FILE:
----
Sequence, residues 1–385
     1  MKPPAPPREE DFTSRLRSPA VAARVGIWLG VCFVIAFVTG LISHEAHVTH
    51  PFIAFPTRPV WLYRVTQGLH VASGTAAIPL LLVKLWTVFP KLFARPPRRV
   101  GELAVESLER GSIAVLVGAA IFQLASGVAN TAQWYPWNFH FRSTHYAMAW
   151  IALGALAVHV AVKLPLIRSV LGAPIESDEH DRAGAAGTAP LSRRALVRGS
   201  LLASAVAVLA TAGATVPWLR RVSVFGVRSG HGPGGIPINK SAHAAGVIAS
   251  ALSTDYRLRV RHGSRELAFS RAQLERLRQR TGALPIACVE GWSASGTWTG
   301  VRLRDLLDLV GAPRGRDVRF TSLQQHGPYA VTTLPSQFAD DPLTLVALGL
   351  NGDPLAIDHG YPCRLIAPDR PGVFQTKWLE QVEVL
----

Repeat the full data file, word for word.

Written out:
Sequence, residues 1–385
     1  MKPPAPPREE DFTSRLRSPA VAARVGIWLG VCFVIAFVTG LISHEAHVTH
    51  PFIAFPTRPV WLYRVTQGLH VASGTAAIPL LLVKLWTVFP KLFARPPRRV
   101  GELAVESLER GSIAVLVGAA IFQLASGVAN TAQWYPWNFH FRSTHYAMAW
   151  IALGALAVHV AVKLPLIRSV LGAPIESDEH DRAGAAGTAP LSRRALVRGS
   201  LLASAVAVLA TAGATVPWLR RVSVFGVRSG HGPGGIPINK SAHAAGVIAS
   251  ALSTDYRLRV RHGSRELAFS RAQLERLRQR TGALPIACVE GWSASGTWTG
   301  VRLRDLLDLV GAPRGRDVRF TSLQQHGPYA VTTLPSQFAD DPLTLVALGL
   351  NGDPLAIDHG YPCRLIAPDR PGVFQTKWLE QVEVL